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[14] Fifty-two years have passed since the Sicilian expedition, reckoning from the date of its departure in the archonship of Arimnestus;1 yet the elder of these two alleged sons of Callippe and Euctemon has not yet passed his twentieth year. If these years are deducted, more than thirty years still remain since the Sicilian expedition; so that Callippe, if she were thirty years of age,2 ought to have been no longer under a guardian, nor unmarried and childless, but long ago married, given in marriage either by her guardian, according to the law, or else by an adjudication of the court.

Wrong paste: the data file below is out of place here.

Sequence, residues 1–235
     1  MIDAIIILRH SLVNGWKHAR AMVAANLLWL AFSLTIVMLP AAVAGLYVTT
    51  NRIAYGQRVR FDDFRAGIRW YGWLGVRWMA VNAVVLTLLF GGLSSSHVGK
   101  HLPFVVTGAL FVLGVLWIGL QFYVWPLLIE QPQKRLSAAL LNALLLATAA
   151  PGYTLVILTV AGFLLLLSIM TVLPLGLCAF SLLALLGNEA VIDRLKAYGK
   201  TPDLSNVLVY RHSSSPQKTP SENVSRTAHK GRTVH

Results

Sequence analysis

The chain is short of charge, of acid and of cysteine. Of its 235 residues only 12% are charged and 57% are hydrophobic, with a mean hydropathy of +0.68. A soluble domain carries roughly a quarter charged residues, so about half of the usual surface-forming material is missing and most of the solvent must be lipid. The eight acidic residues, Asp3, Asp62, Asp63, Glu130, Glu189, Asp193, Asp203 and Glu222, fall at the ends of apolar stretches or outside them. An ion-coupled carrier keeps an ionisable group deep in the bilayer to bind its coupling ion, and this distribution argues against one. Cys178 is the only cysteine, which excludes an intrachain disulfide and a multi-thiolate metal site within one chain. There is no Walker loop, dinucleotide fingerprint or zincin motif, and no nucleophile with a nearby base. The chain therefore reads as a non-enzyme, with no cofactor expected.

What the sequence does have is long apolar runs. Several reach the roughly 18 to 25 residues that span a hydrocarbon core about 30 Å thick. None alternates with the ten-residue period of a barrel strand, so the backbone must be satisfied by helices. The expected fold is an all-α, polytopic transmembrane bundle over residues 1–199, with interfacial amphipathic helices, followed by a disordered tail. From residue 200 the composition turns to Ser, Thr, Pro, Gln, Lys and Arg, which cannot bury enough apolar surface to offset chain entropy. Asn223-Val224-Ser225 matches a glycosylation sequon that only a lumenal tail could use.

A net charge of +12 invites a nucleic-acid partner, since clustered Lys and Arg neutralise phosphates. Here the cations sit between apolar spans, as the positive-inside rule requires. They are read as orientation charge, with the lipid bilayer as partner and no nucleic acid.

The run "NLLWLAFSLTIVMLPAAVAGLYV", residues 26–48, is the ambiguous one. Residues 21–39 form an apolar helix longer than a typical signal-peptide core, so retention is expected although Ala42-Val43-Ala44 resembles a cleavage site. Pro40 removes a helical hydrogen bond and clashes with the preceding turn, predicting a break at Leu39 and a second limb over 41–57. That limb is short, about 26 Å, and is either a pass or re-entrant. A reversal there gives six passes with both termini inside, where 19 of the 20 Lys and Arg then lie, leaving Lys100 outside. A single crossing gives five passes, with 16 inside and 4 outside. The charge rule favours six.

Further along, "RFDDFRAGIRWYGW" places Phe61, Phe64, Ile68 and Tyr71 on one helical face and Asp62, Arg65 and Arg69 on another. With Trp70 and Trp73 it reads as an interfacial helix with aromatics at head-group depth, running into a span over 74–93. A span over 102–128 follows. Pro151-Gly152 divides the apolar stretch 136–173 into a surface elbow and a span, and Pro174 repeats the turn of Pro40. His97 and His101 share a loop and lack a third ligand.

1 The Sicilian expedition set out in the summer of 415 B.C. (Thuc. 6.30). The date of this speech must therefore be 364 B.C.

2 The speaker rather arbitrarily calculates the date of her marriage by the birth of her elder son.

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hide References (5 total)
  • Cross-references to this page (2):
    • Herbert Weir Smyth, A Greek Grammar for Colleges, THE CASES
    • Raphael Kühner, Bernhard Gerth, Ausführliche Grammatik der griechischen Sprache, KG 1.3.1
  • Cross-references in notes from this page (1):
    • Thucydides, Histories, 6.30
  • Cross-references in general dictionaries to this page (2):
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